Here’s an addition to your real estate lexicon: "scratch-and-dent" houses.  That’s what the Bradenton (Fla.) Herald calls an overabundance of homes on the market that need significant work — more work, that is, than the average buyer is likely to be willing to tackle. The newspaper recently reported that the local multiple listing service had 322 properties priced under $50,000 in the Manatee County area, most of them fixer-uppers. 

Singling out the difficulty of selling such units, the paper quoted local brokers as saying that when the scratch-and-dent houses are subtracted from the inventory, the already-paltry supply of salable houses drops to "crisis level."

With an uptick in the local market, real estate sales classes are starting to fill up again in Oklahoma, according to the Tulsa World newspaper, which said enrollment in the classes there is the highest in four years.

Peter Galbraith, president of Coldwell Banker Select and vice chairman of the Oklahoma Real Estate Commission, estimated his company would increase the number of its agents by 15 to 20 percent this year.

It’s the law

A new Oregon law gives homeowners the right to meet face to face with a neutral mediator and the bank or institution that owns their mortgages before foreclosure can occur, according to the Portland Business Journal. The law also eliminates "dual tracking," a process where a bank can continue to foreclose while simultaneously working on a loan modification for a homeowner.

A new Iowa law prohibits auctioneers who lack real estate licenses from hosting open houses at properties they are selling at auction, according to the Des Moines Register.

That’ll teach ‘er

Elena Vavilova (also known as Tracey A. Foley) was exposed as a Russian spy and deported from the United States two years ago. Now she officially is forbidden from being a real estate agent — in Massachusetts, anyway.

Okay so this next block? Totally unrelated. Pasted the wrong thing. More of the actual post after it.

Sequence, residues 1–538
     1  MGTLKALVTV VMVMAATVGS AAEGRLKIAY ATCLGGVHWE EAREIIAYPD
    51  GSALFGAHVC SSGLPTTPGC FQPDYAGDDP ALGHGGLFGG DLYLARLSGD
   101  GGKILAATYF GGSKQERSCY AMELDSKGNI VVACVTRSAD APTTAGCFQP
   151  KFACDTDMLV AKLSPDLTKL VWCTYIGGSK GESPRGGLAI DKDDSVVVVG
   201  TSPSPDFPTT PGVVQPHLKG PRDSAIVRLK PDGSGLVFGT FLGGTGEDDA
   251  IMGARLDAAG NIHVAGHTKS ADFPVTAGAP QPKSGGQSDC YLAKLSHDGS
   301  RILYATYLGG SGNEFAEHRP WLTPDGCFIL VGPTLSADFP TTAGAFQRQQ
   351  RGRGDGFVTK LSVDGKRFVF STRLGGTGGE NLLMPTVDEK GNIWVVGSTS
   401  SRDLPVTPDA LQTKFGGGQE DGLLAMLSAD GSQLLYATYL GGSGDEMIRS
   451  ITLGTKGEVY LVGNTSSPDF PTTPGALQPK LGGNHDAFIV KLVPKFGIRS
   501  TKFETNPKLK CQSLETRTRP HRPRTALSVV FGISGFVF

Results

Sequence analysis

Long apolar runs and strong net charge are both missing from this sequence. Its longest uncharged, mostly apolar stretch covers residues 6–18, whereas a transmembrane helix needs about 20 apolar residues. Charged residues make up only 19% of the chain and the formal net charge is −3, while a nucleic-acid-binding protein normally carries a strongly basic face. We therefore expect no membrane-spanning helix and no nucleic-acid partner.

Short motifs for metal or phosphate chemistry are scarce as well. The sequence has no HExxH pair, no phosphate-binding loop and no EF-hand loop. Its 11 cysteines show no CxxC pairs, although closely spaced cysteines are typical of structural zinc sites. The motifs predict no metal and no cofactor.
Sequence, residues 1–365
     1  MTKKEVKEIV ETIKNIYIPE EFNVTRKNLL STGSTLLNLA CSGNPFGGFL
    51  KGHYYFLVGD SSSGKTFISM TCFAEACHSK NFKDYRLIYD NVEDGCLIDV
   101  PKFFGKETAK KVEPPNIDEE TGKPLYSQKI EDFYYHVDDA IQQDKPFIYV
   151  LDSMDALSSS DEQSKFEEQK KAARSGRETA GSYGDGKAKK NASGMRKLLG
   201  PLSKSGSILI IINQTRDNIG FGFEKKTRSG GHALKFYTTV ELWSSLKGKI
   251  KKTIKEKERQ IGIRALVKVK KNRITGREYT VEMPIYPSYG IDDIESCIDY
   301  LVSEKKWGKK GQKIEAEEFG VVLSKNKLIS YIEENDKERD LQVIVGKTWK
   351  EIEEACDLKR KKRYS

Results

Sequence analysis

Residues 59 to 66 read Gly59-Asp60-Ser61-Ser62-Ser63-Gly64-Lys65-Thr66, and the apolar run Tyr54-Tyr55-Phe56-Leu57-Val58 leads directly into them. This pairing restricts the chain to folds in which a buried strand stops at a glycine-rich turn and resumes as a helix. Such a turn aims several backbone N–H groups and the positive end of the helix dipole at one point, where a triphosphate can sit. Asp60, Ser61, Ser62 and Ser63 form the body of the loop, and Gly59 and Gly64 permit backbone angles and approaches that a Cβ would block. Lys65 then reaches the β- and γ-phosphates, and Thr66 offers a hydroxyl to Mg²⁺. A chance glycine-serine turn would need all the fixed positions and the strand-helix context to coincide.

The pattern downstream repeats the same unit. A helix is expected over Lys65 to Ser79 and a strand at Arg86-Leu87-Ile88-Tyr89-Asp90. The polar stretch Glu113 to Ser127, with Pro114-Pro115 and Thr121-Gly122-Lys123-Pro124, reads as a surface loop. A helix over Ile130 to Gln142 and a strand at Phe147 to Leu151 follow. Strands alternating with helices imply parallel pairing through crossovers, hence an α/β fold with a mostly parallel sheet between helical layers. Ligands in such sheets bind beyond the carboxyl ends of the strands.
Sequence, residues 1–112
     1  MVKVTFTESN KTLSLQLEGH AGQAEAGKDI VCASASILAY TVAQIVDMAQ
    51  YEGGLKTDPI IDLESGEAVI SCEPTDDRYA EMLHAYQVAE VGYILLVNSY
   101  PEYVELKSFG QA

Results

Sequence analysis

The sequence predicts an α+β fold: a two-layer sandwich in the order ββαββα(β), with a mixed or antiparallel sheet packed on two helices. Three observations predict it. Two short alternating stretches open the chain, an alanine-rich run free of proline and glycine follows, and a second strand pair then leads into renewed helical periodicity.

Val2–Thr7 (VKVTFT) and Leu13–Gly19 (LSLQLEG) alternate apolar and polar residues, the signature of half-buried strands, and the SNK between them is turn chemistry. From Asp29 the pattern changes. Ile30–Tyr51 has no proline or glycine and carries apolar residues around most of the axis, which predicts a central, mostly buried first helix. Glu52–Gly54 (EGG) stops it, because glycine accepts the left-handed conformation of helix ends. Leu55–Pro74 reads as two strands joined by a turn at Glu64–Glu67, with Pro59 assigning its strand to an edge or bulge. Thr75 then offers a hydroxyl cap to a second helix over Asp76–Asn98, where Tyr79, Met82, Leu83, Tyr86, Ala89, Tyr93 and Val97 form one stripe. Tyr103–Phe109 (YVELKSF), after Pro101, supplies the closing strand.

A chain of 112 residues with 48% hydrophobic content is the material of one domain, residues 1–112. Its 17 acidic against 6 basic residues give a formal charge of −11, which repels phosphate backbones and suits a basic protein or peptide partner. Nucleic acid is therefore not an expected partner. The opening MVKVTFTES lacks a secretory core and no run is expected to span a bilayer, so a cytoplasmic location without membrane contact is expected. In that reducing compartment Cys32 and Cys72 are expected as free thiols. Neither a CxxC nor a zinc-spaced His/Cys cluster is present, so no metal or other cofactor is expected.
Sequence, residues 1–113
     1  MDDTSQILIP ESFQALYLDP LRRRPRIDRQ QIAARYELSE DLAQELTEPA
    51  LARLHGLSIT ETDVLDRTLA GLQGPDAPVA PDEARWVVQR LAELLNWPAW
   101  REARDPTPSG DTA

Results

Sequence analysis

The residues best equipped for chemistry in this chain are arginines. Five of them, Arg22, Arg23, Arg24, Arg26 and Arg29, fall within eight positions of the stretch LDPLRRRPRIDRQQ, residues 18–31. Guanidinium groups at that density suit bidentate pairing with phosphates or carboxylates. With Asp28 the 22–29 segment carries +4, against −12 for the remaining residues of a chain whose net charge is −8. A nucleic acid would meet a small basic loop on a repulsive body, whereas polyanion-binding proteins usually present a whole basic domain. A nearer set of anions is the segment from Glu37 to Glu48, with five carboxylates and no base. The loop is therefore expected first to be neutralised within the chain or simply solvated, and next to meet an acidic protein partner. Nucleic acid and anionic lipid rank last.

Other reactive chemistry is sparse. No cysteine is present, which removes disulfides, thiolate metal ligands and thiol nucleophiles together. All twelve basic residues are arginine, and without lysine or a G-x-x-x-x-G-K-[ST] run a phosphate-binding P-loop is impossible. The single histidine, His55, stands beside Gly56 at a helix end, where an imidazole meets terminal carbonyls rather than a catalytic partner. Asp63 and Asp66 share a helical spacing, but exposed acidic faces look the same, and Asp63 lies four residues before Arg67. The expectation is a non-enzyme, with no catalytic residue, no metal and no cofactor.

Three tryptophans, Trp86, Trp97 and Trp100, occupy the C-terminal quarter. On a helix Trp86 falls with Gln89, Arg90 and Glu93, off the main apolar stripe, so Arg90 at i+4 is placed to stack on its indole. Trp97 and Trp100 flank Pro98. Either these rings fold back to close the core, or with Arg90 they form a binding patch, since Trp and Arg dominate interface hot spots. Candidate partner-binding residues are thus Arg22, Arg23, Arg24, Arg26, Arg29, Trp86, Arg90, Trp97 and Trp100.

Vavilova/Foley was working as a real estate agent in Cambridge, Mass., in 2010 when she and eight other Russians were arrested for espionage; she pleaded guilty, then was returned to Russia in a spy-swap deal.

The Boston Globe recently reported that Vavilova was found to have violated real estate licensing regulations by failing to report her conviction within 30 days, and a state board has revoked her real estate license. The board deemed her conduct unprofessional and "undermines the public confidence in the integrity of the real estate profession."

Teenier and teenier

New York City got a lot of media attention recently when it invited developers to devise plans for "micro unit" apartments of 275 to 300 square feet, each one containing a kitchenette, bathroom, and space for a fold-out bed in a combined sleeping/living space; current housing regulations require new apartments in the city to have at least 400 square feet, Reuters reported.

But Gotham — that is, New York, not to be confused with Chicago, see above — isn’t the only urban area thinking about getting small(er): San Francisco is considering shrinking its size requirements for rental apartments, according to the San Francisco Chronicle.

The move, the paper said, is prompted by the demographic shift toward one-person households in a market that’s known for its high rents and a shortage of housing. The new minimum would be 150 square feet, plus kitchen, bathroom and closet — totaling about 220 square feet, or the size of a one-car garage. The current minimum is 290 square feet.

Mary Umberger is a freelance writer in  Chicago.